Educating Loving Hearts, Free Minds and Active Helpers:

Bucharest Kindergarten Teacher Training 2021

By Didi Ananda Devapriya

This year’s annual three-day intensive Neohumanist teacher training in Bucharest was filled with laughter, bonding and a celebratory feeling, having passed through the double challenges of accreditation and the pressures generated by the first year of the pandemic successfully. At that moment, there was a feeling of elated relief. Everyone was looking forward to things returning to normal, with high enrollments at last, and relaxed restrictions. Unfortunately, that optimism would soon prove to be short-lived when Romania entered a devastating third wave of the pandemic in October, and was leading the world in mortality rates from COVID by the beginning of November.

The training was organised around the three main curriculum themes of our Romanian early childhood curriculum: loving hearts, free minds, and active helping. These themes, in turn, were derived and inspired by the yogic concept of the full human potential, or “dharma” of human beings, known in sanskrit as “Rasa, Vistara and Seva”.

On the first day, the theme was “Loving Hearts” and we discussed how to create a spiritual flow in the classroom, and the concept of universalism. Working in an Eastern Christian Orthodox country, with several staff members that are deeply rooted in that faith paradigm, it was important to clarify that Neohumanism is not requiring people to relinquish their faith, but rather to deepen it. Universalism means going beyond the surface level to find the common, cross-cultural truths that enrich and expand our understanding of our own authentic spiritual experience. Indeed, the core of Neohumanism in its essence is the firm belief in the innate goodness in the child and in the hearts of all. This positive regard is what nourishes the seed of spirituality within the child, as the sun enlivens the potential of a seed within the earth. The discussion also led to an exploration of dogma versus authentic spiritual experience.

The next led workshops were on the inner development of the teachers’ own balance and confidence. We did several experiential exercises to develop confidence, including “Gromolo” speeches. Gromolo is a made-up nonsense language, absolutely any string of meaningless syllables qualifies as Gromolo. We learned to salute each other in Gromolo, and even stand up in front of the group to give a Gromolo speech, with two translators doing their best to interpret our unique expressions. This was a particularly challenging but powerful experience for the shyer members of the team.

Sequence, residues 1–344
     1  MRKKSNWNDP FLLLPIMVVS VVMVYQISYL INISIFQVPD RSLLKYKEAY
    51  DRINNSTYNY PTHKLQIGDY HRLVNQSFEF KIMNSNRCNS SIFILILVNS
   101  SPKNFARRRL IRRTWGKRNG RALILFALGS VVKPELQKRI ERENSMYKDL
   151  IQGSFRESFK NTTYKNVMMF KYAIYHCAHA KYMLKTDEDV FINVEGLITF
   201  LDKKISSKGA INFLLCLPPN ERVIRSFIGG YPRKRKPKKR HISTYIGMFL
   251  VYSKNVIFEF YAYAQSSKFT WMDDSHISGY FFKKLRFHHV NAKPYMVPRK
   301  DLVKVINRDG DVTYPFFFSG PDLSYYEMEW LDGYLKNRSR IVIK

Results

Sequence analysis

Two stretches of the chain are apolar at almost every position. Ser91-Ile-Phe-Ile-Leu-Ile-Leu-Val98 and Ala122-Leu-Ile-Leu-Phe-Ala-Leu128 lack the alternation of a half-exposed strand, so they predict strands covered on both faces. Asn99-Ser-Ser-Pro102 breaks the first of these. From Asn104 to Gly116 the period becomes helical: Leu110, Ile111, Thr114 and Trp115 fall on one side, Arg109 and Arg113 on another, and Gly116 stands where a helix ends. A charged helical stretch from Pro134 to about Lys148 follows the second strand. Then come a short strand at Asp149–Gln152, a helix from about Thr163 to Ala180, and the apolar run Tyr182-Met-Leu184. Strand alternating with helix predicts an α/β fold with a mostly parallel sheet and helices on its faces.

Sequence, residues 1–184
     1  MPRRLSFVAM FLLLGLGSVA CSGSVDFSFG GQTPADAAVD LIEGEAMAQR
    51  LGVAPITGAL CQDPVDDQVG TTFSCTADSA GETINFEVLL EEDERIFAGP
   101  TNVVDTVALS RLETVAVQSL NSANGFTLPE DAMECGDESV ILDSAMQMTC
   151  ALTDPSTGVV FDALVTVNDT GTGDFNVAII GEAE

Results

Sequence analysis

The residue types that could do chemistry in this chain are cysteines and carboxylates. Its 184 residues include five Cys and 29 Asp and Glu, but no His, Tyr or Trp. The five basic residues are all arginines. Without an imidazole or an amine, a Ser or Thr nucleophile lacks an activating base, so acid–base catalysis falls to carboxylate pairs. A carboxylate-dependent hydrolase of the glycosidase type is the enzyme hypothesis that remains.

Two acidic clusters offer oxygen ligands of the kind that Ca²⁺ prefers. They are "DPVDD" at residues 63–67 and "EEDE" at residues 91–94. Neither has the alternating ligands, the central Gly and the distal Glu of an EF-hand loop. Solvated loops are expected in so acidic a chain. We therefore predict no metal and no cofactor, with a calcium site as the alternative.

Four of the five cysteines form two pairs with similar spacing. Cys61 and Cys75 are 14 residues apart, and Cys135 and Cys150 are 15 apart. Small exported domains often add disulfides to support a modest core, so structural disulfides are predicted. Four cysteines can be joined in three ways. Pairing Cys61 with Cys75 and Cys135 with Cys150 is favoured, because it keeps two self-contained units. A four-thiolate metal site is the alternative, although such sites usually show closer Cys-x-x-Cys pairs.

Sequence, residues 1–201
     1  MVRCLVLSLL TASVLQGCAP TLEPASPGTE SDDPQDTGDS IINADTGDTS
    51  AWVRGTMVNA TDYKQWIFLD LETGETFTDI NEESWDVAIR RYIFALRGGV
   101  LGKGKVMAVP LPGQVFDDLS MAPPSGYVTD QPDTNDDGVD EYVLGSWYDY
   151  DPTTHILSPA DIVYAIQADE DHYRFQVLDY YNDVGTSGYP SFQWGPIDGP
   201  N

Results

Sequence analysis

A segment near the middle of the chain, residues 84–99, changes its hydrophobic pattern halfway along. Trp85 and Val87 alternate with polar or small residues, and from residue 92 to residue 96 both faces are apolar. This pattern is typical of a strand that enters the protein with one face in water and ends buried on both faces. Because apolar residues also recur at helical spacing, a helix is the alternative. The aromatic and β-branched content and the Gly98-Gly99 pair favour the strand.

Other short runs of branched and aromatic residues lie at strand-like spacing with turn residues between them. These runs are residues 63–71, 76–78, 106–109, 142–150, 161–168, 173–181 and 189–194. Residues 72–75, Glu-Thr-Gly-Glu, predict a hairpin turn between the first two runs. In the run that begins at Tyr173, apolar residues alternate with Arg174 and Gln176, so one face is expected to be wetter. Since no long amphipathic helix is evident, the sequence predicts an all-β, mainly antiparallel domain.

On the second day, we discussed “Free Minds” and how to cultivate rationalistic mentality already from early childhood, which is so essential to the Neohumanist vision of building strong character. We talked about offering children opportunities to practice decision making and listening to their inner compass. We also talked about how to stimulate curiosity, scientific thinking, questioning, reflecting and learning from experience. We also looked at overcoming limitations by activating critical reflection, for example to address stereotypes that children may express towards each other during play. The inner development side of this was to look at the importance of cultivating personal reflection and self-analysis, using professional development tools.

On the final day of the training the theme was “Active Helpers”. Here the discussion focused on how to stimulate the sense of powerfulness and agency in children, imparting the feeling “I can do something!” “I love to help!”. We discussed the main motivations of individual selfish pleasure vs deriving pleasure in collective welfare and how to stimulate that spirit of solidarity already from the early years, for example by favoring cooperation over competition. After an experiential exercise on deep listening with unconditional regard, we also talked about how powerful it would be to teach children not just in expression, but in deep listening. Especially as listening is one of the most beautiful gifts and services we can offer to another human being, so to learn this early could greatly enrich one’s whole life.

Sprinkled throughout the training were team building exercises, stories, and games that brought the group together in a closer bond. We also re-evaluated our future role within the broader context of early childhood education in Romania and how we can make Neohumanism more visible and relevant to other educators.